The link to the paper in the question is by Bennett, Bernstein, Brassard, and Vazirani (BBBV).

The standard BBBV oracular problem to which the OP refers may be recast as, given the value $y$ of a permutation $y=f(x)$ acting on $n$ inputs, find a full preimage $x=x_1x_2\cdots x_n$ of the permutation which evaluates to $y$. BBBV provided a lower bound, noting that it may take at least $\mathcal{O}(\sqrt{2^n})$ calls to the oracle. Somewhat famously, the same upper bound was found, almost simultaneously with BBBV, by Grover.

However, as the OP suggests, such a proof initially presented in the BBBV paper may be challenging to understand (I think they called it the "polynomial method"); there have been a number of improvements such as the as-mentioned "hybrid method" and culminating in the "adversarial method" of Ambainis. I like O'Donnell's lecture on ways to prove the BBBV bound.

The question of the OP seems not ask for a lower bound not for the full preimage $x_1 x_2\cdots x_n$, but only for the least significant bit (LSB) $x_n$ of the preimage. But if one has a quick oracle to know the LSB $x_n$, I think one can rinse and repeat to find the full preimage $x_1x_2\cdots x_n$ quickly as well, with only $n$ calls to the parity oracle. For example, one could define a series of $n$ permutations as in:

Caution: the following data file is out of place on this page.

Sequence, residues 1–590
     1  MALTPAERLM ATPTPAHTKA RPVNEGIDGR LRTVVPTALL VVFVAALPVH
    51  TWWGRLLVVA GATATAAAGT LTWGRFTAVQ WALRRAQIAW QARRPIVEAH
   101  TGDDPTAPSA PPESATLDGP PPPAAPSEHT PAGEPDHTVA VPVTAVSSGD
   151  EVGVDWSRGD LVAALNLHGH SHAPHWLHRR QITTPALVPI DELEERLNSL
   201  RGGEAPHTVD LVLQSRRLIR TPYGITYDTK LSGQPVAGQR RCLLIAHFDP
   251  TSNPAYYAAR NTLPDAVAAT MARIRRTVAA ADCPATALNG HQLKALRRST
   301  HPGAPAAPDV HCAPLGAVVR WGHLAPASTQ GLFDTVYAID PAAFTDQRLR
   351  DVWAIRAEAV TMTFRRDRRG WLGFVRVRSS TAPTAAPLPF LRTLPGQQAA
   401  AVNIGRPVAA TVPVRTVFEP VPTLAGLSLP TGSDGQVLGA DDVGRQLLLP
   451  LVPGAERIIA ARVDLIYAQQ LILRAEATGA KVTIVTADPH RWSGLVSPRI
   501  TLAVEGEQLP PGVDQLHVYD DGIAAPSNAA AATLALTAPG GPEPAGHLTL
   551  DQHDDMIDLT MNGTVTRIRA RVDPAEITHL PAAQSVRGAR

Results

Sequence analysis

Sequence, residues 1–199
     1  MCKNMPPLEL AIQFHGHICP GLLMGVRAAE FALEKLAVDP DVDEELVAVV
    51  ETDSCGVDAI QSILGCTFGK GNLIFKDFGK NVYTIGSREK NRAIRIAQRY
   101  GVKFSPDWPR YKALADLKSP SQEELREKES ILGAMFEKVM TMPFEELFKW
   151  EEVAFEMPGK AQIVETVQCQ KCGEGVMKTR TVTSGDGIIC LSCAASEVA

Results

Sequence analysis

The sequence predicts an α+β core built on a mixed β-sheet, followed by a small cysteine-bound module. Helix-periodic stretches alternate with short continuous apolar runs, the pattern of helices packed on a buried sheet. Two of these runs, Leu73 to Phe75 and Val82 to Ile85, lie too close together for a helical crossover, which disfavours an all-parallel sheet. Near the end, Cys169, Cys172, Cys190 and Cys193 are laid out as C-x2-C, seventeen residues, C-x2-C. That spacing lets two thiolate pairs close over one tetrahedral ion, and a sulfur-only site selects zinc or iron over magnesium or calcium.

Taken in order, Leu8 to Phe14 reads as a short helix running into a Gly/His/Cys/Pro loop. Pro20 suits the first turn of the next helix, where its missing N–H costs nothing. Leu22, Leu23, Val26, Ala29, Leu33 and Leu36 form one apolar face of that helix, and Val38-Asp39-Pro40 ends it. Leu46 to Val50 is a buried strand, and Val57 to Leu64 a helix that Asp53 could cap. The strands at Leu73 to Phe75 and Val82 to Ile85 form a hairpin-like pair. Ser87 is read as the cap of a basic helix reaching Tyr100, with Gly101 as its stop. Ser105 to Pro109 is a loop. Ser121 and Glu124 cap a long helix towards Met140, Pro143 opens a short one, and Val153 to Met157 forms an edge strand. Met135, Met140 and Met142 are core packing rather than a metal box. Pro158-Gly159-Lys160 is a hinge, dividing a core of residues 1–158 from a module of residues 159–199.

• $f=f_n(x_1x_2\cdots x_n)=y_1y_2\cdots y_n$; given $f$ and $y=00\cdots 01$, the parity oracle would determine $x_n$;

  • $f_{n-1}(x_1x_2\cdots x_{n-1})=y_1y_2\cdots y_{n-1}$;

  • $\ldots$

  • $f_2(x_1x_2)=y_1y_2$;

  • $f_1(x_1)=y_1$

and use the oracle for each of the $f$ functions so-defined.

Thus, if one were to use the hybrid method to prove a lower bound on a parity oracle for the preimage of $f_n$, then the proof would carry through to each of the subsequent $f$, by simply using the results of this parity oracle to redefine new functions $f_i$.

Because the BBBV theorem, no matter how it's proved, tells us that we can't have a quick way to determine the full preimage in $\mathcal{O}(\mathrm{poly\:} n)$ time, we must not have an oracle to determine the individual parity of the preimage, because if we did, we could leverage the parity oracle with only an $\mathcal{O}(n)$-overhead.


If you can prove the BBBV theorem to show that you need an exponential number of calls to a generic oracle to fully invert a permutation, using whichever method you like (such as the hybrid method), then it also follows that there is an exponential lower bound on the number of queries to solve the problem of determining only the parity of the inverse of a function; if not, then you can still use your oracle to fully invert a function/permutation in polynomial time, which contradicts exactly what the BBBV theorem proved.